Mr. Rogers Goes to Congress and Saves PBS: Heartwarming Video from 1969

What kind of delu­sion­al self-aggran­diz­er, called to tes­ti­fy before a Unit­ed States Sen­ate Sub­com­mit­tee, uses it as an oppor­tu­ni­ty to quote the lyrics of a song he’s writ­ten… in their entire­ty!?

Sounds like the work of a cer­tain rapper/prospective polit­i­cal can­di­date or per­haps some daffy buf­foon as brought to life by Ben Stiller or Will Fer­rell.

Only children’s tele­vi­sion host Fred Rogers could pull such a stunt and emerge unscathed, nay, even more beloved, as he does above in doc­u­men­tary footage from 1969.

Mis­ter Rogers’ impulse to recite What Do You Do With the Mad That You Feel to then-chair­man of the Sub­com­mit­tee on Com­mu­ni­ca­tions, Sen­a­tor John Pas­tore, was ulti­mate­ly an act of ser­vice to the Cor­po­ra­tion for Pub­lic Broad­cast­ing and its child view­ers.

New­ly elect­ed Pres­i­dent Richard Nixon opposed pub­lic tele­vi­sion, believ­ing that its lib­er­al bent could only under­mine his admin­is­tra­tion. Deter­mined to strike first, he pro­posed cuts equal to half its $20 mil­lion annu­al oper­at­ing bud­get, a mea­sure that would have seri­ous­ly hob­bled the fledg­ling insti­tu­tion.

Mr. Rogers appeared before the Com­mit­tee armed with a “philo­soph­i­cal state­ment” that he refrained from read­ing aloud, not wish­ing to monop­o­lize ten min­utes of the Committee’s time. Instead, he sought Pas­tore’s promise that he would give it a close read lat­er, speak­ing so slow­ly and with such lit­tle out­ward guile, that the tough nut Sen­a­tor was moved to crack, “Would it make you hap­py if you did read it?”

Rather than tak­ing the bait, Rogers touched on the ways his show’s bud­get had grown thanks to the pub­lic broad­cast­ing mod­el. He also hipped Pas­tore to the qual­i­ta­tive dif­fer­ence between fre­net­ic kid­die car­toons and the vast­ly more thought­ful and emo­tion­al­ly healthy con­tent of pro­gram­ming such as his. Mr. Roger’s Neigh­bor­hood was a place where such top­ics as hair­cuts, sib­ling rela­tion­ships, and angry feel­ings could be dis­cussed in depth.

Rogers’ emo­tion­al intel­li­gence seems to hyp­no­tize Pas­tore, whose chal­leng­ing front was soon dropped in favor of a more respect­ful line of ques­tion­ing. By the end of Rogers’ heart­felt, non-musi­cal ren­di­tion of What Do You Do… (it’s much pep­pi­er in the orig­i­nal), Pas­tore has goose­bumps, and the Cor­po­ra­tion for Pub­lic Broad­cast­ing has its 2 mil’ back in the bag.

What do you do with the mad that you feel

When you feel so mad you could bite?

When the whole wide world seems oh, so wrong…

And noth­ing you do seems very right?

What do you do? Do you punch a bag?

Do you pound some clay or some dough?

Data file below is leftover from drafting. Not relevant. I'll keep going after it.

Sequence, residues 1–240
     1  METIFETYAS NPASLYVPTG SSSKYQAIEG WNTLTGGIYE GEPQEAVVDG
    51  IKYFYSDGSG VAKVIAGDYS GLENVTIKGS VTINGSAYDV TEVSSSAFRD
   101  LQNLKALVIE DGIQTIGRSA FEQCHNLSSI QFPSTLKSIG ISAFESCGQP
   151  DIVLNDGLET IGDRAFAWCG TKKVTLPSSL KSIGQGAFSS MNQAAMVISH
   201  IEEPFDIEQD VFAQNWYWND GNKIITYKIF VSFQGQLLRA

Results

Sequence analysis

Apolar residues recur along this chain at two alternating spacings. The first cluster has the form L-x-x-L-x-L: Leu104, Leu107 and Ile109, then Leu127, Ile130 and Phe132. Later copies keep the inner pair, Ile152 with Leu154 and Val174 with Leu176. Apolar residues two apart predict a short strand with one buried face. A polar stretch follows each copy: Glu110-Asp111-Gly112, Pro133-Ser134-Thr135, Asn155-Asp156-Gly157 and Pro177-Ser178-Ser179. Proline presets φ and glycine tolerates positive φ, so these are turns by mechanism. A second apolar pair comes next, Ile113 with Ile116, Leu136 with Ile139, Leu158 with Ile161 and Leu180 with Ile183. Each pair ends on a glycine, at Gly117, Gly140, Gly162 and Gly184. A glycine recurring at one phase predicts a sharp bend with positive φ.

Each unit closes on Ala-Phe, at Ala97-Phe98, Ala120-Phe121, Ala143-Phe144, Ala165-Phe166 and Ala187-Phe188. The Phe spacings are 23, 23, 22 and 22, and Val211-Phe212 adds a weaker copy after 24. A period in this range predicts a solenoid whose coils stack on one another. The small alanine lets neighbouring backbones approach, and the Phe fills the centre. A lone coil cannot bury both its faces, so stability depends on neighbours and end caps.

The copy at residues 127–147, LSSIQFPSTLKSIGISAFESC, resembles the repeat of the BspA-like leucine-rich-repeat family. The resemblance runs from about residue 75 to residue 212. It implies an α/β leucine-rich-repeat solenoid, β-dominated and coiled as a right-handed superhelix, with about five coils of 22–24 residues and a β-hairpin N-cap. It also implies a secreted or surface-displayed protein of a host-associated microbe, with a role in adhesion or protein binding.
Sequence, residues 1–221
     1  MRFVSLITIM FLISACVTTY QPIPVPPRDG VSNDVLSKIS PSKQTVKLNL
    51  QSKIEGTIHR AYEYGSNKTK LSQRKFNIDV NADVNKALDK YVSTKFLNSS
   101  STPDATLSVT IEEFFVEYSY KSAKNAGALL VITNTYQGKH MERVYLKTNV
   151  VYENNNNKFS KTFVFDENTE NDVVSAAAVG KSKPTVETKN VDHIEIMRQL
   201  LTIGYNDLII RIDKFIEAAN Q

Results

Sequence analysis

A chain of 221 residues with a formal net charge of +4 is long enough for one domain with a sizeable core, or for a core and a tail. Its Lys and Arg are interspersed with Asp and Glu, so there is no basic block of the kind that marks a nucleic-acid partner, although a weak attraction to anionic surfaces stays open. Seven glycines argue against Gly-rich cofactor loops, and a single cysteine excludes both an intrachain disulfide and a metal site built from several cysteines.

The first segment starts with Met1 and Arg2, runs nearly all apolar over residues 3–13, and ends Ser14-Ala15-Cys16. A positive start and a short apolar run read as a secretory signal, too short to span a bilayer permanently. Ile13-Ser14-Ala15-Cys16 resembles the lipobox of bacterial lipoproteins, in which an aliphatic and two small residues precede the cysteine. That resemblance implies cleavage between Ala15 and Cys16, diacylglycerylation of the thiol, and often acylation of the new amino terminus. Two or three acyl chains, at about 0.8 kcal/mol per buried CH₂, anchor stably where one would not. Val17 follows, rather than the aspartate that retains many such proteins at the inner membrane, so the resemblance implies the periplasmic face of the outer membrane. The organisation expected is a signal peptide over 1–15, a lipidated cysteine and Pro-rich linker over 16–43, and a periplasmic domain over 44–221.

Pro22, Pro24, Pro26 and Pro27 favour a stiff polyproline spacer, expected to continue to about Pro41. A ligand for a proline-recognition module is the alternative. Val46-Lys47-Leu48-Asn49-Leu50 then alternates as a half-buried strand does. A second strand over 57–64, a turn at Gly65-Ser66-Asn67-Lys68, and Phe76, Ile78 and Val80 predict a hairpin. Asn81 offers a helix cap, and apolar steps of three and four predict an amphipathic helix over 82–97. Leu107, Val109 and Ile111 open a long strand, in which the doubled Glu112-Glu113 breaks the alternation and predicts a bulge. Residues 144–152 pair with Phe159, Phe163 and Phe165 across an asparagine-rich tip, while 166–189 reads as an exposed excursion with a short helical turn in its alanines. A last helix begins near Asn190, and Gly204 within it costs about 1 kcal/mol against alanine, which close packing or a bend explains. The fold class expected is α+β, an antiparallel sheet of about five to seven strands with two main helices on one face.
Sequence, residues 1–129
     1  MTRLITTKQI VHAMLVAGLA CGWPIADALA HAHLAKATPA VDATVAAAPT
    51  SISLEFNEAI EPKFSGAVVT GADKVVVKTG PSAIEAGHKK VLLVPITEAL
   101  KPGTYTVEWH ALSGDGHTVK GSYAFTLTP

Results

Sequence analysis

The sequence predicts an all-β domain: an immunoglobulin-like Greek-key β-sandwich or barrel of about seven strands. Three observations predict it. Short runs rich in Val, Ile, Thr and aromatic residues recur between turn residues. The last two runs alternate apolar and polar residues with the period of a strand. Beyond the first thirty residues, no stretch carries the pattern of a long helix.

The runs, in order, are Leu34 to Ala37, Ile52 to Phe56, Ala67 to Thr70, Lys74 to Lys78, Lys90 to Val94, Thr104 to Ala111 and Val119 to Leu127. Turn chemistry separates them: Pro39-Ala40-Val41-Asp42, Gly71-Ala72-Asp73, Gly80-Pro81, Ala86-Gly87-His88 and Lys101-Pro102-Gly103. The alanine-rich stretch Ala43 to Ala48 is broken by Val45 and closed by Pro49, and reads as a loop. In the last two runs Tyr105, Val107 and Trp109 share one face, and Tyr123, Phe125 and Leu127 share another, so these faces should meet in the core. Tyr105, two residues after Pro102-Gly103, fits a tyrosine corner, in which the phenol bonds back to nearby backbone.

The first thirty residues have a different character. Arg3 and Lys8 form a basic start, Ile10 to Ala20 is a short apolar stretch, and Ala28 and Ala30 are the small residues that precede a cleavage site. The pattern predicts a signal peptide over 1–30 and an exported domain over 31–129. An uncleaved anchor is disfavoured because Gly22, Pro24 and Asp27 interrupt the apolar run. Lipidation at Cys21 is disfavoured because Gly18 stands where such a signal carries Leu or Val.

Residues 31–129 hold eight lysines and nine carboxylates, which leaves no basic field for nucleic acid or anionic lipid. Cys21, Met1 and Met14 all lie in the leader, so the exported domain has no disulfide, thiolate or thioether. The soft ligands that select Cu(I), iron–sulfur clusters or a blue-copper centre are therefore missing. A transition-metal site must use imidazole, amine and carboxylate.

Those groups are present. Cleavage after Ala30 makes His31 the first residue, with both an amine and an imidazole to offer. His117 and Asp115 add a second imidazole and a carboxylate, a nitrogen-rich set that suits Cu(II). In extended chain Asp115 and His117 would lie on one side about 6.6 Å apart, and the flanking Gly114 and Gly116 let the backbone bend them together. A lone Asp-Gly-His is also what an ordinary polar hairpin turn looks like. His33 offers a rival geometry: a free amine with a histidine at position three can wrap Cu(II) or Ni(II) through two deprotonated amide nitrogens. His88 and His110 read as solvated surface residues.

Do you round up friends for a game of tag?

Or see how fast you go?

It’s great to be able to stop

When you’ve planned a thing that’s wrong,

And be able to do some­thing else instead

And think this song:

I can stop when I want to

Can stop when I wish.

I can stop, stop, stop any time.

And what a good feel­ing to feel like this

And know that the feel­ing is real­ly mine.

Know that there’s some­thing deep inside

That helps us become what we can.

For a girl can be some­day a woman

And a boy can be some­day a man.

Relat­ed Con­tent:

Mr. Rogers Intro­duces Kids to Exper­i­men­tal Elec­tron­ic Music by Bruce Haack & Esther Nel­son (1968)

Mr. Rogers Takes Break­danc­ing Lessons from a 12-Year-Old (1985)

Pup­pet Mak­ing with Jim Hen­son: A Price­less Primer from 1969

Ayun Hal­l­i­day’s new play, Fawn­book, debuts as part of the Bad The­ater Fes­ti­val in NYC tomor­row night. Fol­low her @AyunHalliday

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Comments (4)
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  • Rain,adustbowlstory says:

    I have a vivid mem­o­ry of Mr. Rogers at some rewards show, in which a hand­i­capped kid who had appeared on his show is brought onto the reward stage for a kind of reunion. It was a sur­prise to Rogers and he com­plete­ly ungrace­ful­ly lit­er­al­ly clam­bers over seats in the audi­ence to get to that boy.

    I nev­er for­got it.

  • Sebastian A. says:

    Miss him — I was already a teen when his show was pop­u­lar but I had younger sib­lings that watched his show — and I was mes­mer­ized too. It hurts that there aren’t more peo­ple like him in pub­lic life. What a great place this would be.

  • Malena S. says:

    I grew up in the inner city of Chica­go. Many times in my day, his words where the only kind words I heard. Mr. Rogers not only gave me the words for feel­ings but my inter­est in men­tal health was very like­ly sparked dur­ing these days. Thanks for let­ting me lis­ten in, Mr. Rogers.

  • Yvonne N. says:

    This is a ben­e­fi­cial show to help chil­dren to express
    their inner feel­ings in place of act­ing out in soci­ety
    in anger.Our lead­ers are a bad exam­ple of show­ing how we
    should get along in spite of our dif­fer­ences

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